Trust can be a difficult thing, especially if one has had their trust betrayed. So who can blame us if, like Joseph, we're just a little hesitant to restore our full trust in those who have betrayed us without a little "testing." That's only human, right? Yet it doesn't quite seem right to excuse ourselves so easily.
Where I find myself failing is in getting past the hesitancy once the "test" has been passed, or my compassion overrides my pain. Must it be so that, once lost, trust can never be fully regained? Must I allow doubt's shadow to continue to influence my thoughts and my actions?
I don't understand why sometimes I can restore trust in someone who has betrayed or disappointed me in a major and serious manner, yet will continue to remember and not restore my faith in someone for the smallest of betrayals(--are there really any small betrayals?) Where is my power to forgive? Is it a slave to the petty whims of my personality?
Is it, like it may have been for Joseph, the ultimate outcome of the betrayal that mitigates our stubbornness? (Oh no, here we are back to teleological ethics again.) If things turn out kind of OK, I can forgive and forget, but if my life, for whatever reason (whether relevant to the betrayal or not) is miserable, then I won't be so compassionate?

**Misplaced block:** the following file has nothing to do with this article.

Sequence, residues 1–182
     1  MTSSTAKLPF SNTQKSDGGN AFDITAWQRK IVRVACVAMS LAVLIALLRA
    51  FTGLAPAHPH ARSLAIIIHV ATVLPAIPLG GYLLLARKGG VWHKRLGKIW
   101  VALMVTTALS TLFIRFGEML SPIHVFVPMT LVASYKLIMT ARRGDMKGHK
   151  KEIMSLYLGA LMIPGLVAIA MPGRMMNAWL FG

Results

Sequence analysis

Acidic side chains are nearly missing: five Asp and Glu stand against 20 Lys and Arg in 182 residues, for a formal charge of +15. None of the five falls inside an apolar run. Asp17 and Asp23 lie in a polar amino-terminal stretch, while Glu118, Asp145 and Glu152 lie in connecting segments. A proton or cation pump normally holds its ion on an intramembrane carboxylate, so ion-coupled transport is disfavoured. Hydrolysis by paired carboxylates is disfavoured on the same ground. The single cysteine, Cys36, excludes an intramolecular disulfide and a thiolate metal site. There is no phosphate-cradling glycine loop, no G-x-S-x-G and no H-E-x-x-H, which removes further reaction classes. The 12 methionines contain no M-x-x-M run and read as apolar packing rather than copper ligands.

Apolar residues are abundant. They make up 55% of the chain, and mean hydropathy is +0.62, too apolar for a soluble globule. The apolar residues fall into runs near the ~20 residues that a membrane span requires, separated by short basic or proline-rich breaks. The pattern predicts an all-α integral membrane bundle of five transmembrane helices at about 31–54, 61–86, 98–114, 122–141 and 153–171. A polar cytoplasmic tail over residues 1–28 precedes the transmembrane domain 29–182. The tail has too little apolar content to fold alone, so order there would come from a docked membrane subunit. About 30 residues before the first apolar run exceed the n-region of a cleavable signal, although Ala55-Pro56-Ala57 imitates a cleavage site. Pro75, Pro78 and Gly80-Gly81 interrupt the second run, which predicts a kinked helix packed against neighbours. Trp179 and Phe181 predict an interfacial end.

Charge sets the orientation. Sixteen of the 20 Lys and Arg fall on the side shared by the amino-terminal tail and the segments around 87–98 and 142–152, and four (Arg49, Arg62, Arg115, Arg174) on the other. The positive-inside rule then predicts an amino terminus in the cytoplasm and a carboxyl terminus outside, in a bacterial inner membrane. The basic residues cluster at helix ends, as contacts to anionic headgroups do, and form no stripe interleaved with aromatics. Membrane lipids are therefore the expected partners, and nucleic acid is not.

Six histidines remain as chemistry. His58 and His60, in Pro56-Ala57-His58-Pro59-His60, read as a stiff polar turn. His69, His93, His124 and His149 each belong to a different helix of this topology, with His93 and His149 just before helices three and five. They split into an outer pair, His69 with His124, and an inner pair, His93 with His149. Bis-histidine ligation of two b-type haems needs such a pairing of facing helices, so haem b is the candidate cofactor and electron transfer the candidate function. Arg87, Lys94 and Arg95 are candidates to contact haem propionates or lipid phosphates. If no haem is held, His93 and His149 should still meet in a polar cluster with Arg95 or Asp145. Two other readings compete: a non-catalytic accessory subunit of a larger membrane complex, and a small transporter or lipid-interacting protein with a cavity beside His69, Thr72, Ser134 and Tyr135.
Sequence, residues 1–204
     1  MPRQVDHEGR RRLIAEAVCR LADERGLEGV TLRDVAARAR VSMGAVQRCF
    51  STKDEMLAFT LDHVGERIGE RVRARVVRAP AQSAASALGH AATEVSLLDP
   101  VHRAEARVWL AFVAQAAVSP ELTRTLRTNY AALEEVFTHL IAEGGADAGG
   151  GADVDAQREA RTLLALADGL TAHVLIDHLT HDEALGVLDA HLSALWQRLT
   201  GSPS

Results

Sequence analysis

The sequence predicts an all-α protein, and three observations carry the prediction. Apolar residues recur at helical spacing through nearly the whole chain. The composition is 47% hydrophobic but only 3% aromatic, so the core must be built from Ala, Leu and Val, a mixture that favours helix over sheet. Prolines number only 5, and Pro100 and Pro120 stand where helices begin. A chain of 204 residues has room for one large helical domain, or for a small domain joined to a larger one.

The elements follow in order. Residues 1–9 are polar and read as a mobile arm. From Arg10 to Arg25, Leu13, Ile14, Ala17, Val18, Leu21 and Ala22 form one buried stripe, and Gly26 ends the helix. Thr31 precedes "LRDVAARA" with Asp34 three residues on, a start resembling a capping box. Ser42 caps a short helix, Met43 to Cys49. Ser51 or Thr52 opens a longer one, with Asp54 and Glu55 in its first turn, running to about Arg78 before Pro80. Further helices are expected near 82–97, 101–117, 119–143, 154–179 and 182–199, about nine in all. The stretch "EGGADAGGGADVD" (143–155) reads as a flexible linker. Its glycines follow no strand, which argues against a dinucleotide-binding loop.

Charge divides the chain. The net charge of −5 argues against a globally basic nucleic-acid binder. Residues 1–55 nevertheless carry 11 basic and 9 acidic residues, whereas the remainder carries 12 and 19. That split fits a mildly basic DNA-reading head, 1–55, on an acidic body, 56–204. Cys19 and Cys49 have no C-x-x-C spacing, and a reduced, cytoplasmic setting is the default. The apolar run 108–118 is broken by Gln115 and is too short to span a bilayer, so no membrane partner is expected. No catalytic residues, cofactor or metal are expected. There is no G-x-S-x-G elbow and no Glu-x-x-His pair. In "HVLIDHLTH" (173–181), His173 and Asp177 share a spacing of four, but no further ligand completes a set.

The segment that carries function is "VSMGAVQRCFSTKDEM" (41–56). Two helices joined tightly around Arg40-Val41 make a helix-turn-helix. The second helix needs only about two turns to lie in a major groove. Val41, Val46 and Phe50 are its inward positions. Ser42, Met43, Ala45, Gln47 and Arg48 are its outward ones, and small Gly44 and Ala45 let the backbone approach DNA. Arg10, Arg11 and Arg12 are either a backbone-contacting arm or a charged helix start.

Then there is the other side. Those whom I have betrayed or disappointed. Assuming, for the moment, that I am at heart a good person, I would surely want to redress my wrong. The other party may very well demonstrate outward compassion and have forgotten and/or forgiven my actions. Is that an excuse to just chalk it up to human imperfection and move on? How often have I cheated my own growth by failing to own up to my actions? What price will I pay for my failure?
Things for me to ponder this Shabbat. Thanks for allowing me this electronic catharsis!
To you and yours a most pleasant Shabbat.
© 1997 & 2000 by Adrian A. Durlester
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